“The Richmond-Ségou partnership is a perfect example of sister cities and citizen diplomacy at work. At least forty Virginians have visited Ségou, and at least as many Malians have visited Richmond. We play music at each other’s festivals; we visit each other’s schools and clinics; we promote links between businesses; we teach and learn about the many cultural commonalities that join Virginia and Mali: the food and the faces, the music and shared our joint history of colonialism and slavery. Ana Edwards and Robin Poulton describe all of these shared African and American experiences in Sister Cities. They describe health and education projects in Ségou, and their exciting Teaching Timbuktu program in Richmond. The authors show us a positive picture of citizen diplomacy and friendship-building, filling their book with interesting stories and lessons learned, but without covering up the problems or hiding contradictions. This is an important book about America and about development issues in West Africa. Sister Cities contains many cultural lessons and introduces important historical debates. Sister Cities should become a major source book for African Studies courses, for African American Studies, and for Schools of Diplomacy. I recommend it most strongly.”

-Mr. Issa Sangare, president of the Association of Malians (AMAW) in Washington DC


“As Mayor of Ségou, I congratulate the authors on their excellent book. Sister Cities does a wonderful job of presenting great stories, as well as the fascinating personalities involved in the Richmond-Ségou twinning experiences over the past ten or twelve years, including the many projects that our two cities have completed together. As examples of joint success stories, I must mention: medical and scientific research projects partnering experts from Ségou and Richmond who have worked particularly on AIDS; the improvement of medical facilities in Ségou, with hospital equipment and the construction of a maternity ward and a laboratory for medical analyses; building latrines to improve our city’s hygiene; educational campaigns that teach the people of Richmond about the many things that Malians have imported to America since the 1600s, including the discovery of our craft products, cooking, arts, music; English and French language internet teaching for Ségoviens and for Richmonders; our cultural exchanges through our two great annual Folk Festivals for music and craft; our personal visits and the development of strong and sincere friendships between Segoviens and many citizens of Richmond. The work has begun so well; let the partnership continue!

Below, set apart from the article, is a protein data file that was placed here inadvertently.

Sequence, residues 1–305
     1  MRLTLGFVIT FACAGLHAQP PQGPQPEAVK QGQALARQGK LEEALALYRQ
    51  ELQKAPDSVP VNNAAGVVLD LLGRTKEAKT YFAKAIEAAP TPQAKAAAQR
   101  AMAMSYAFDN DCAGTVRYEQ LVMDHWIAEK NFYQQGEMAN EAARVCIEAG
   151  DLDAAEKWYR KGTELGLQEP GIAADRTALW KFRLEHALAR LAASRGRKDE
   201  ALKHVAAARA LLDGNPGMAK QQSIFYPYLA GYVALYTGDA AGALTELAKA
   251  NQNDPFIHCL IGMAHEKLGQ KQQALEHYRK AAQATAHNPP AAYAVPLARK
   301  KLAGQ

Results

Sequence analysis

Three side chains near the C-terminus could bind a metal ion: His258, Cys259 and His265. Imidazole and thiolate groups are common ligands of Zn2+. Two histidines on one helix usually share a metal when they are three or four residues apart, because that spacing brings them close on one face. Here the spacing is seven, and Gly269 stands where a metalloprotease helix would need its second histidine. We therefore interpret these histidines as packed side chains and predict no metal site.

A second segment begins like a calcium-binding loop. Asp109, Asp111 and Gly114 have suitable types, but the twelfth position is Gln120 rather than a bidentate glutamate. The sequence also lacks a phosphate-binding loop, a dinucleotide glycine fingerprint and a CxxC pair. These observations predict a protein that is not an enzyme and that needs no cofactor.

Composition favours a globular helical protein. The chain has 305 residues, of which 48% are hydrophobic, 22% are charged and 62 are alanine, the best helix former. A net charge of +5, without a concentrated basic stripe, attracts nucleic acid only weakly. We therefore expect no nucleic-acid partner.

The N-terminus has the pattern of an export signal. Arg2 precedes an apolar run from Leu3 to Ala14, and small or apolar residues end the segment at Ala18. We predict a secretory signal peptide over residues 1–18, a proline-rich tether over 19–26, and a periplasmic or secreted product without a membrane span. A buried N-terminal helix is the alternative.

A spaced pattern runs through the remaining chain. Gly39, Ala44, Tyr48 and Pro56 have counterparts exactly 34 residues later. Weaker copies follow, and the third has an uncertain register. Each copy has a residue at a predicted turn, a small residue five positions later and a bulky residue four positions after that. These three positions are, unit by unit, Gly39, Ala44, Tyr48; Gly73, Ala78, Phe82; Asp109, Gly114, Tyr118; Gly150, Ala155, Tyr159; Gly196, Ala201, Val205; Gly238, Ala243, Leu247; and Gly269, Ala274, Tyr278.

-Mr. Nouhoum Diarra, mayor of Ségou


“I am very happy to recommend readers to the important new book Sister Cities, which recounts the story of our Richmond-Ségou adventure. As the Bamako Representative of Virginia Friends of Mali, I have been involved in every step along the path of friendship between our two cities, our countries, our two civilizations. There is no ‘clash’ of civilizations: that is a piece of propaganda meant to divide people. Sister Cities proves my point, for this is a story about uniting people, about building peace and security through ‘citizen diplomacy,’ just as President Eisenhower imagined his sister city program would work. The book is an excellent introduction to citizen diplomacy, decentralized international development, civil society empowerment, women’s empowerment, and the way in which the world can really work well if men and women of every background pull together. Every teacher and every student should study Ana’s and Robin’s book, Sister Cities. This is a model story of cooperation and peace building, and will be valuable for travelers and for students and researchers. Read it!”

-Mr. Kalifa Touré, economics and finance professor at the University of Bamako


“Americans need to learn about Africa, and Sister Cities will teach them. Written by a black American and a white West African, both educators and civil society leaders, Sister Cities tells the story of the Mali Empire in West Africa (founded in 1235 by the Lion King) illustrated by health projects and contemporary cultural exchanges between the people of Richmond, Virginia and Ségou, second city of Mali. West Africans helped build the USA. Many of the earliest African slaves, who came to America in the most horrendous circumstances, were from Mali. Most American music was originally Malian music. Southern cooking was Malian food. Southern houses have porches because West African houses have verandas. We learn these facts in this readable book filled with colorful people. Malians discover the music, museums, and universities of Richmond, while Virginians dance at Ségou’s famous Festival of the Niger River. In both cities, the mayors place urban poverty at the top of their agenda: their school and health problems are different, but equally urgent. Sister city partnerships build ‘citizen diplomacy,’ a pathway to international friendship and cooperation. Every diplomat, every aid worker should read this sister cities story. I congratulate the authors on their exciting book, filled with real stories about Ségou and Richmond—long may their partnership continue!”

-Mme. Safiatou Ba, author and international civil servant living in Washington DC